The main problem you have with a small team is that unless your game is near complete, publishers will need to believe that your team can complete the future milestones. With 3 people (in fact nowadays any team less than 15-50) they will not trust you to be able to do that. With a typical title now costing 2.5 - 10 million you need to be able to reassure them. Taking them to your mom's house isn't going to get you a contract.

Again the only option you have is to complete most of the game before approaching a publisher, including all the gameplay, intro movies, music, etc. You have to realize this is way harder than creating a playable tech. demo, though.
Then an even harder part is that most publishers will want a console version as well (either Xbox or PS2 or both), which you cannot show unless you are an approved developer, which usually requires you getting a publisher contract first (I can see you're getting happier).

Then if they show interest your position is much stronger because you won't need to go through 12+ more months of development, and you may even be able to shop your title around if it's good enough.

The problem is of course getting to that point where the game is near complete ;)

And of course, yes, you need to create a title that publishers want. Which mostly means no originals, but copies of current games, but with a nice twist and of course cooler graphics.

EDIT: Just checked out your site, and while it's very cool what you're doing, I am not sure it would cause multiple publishers (as you say) to offer to sign you up. They normally wouldn't offer to sign up unless they've checked you out a lot more and you have a lot more to show. Are you not exaggerating a little here? ;)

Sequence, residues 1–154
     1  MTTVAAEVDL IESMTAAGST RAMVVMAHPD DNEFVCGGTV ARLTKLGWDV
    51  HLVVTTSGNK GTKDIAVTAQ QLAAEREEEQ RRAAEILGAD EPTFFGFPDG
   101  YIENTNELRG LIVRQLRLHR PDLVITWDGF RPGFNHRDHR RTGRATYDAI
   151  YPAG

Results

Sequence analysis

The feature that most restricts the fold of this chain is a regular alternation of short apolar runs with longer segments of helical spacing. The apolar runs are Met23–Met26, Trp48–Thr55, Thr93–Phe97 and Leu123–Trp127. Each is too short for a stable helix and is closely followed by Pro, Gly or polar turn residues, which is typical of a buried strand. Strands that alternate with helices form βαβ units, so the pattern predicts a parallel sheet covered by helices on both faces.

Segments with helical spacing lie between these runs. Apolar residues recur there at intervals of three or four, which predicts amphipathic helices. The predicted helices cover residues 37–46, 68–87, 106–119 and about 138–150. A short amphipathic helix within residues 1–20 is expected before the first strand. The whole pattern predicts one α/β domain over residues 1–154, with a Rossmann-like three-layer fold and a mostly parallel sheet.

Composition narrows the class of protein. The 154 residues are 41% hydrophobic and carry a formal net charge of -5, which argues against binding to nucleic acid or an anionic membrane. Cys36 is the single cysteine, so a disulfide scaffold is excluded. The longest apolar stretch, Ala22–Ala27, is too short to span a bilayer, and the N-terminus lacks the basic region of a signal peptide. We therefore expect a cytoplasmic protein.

Mark

[Edited by - Mark Tanner on August 17, 2004 2:17:54 PM]

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we do try to be profession but it is true that we're not.

I do my bit by basically leaving all posting on forums to the other guy who knows how to not say inappropriate things.

statistically it is true that we're most likely to fail.

we look at other similar projects in our genre - flightsims- and they've all died or become suspended.

the fact is though, we have made no pitches - they have come to us - which is a good thing right? I imagine it is normally the otherway round? its just that they come to us, and realise we're just two guys and run off again :)

so at least they must like something they see and hear about us - so we must be doing somethign right i suppose. We have received freebies -which is nice - trackir sets from natural point. I felt so chuffed with that. and somebody else offered free PC's - but not sure about that.

EDIT: mark,

some company contacted the guy in our group - not me- who is better at this sort of thing.. they thought we had finished the game and wanted to snap it up.. then they expressed interest in milestone approach - then they went silent.

I was supprised they contacted us - but it makes sense.

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Original post by kindfluffysteve
some company contacted the guy in our group - not me- who is better at this sort of thing.. they thought we had finished the game and wanted to snap it up.. then they expressed interest in milestone approach - then they went silent.
It may have been that they didn't get the answer they wanted to hear when discussing milestones so they went away.

If you can get it finsihed then a publisher will be more interested, provided that you can do so before the graphics become out of date.

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yes, that is a worry - currently we are very good for year 2001 flightsim.

but with all this pixel shader fun - something that I'm going to have to learn quickly - we may potentially struggle.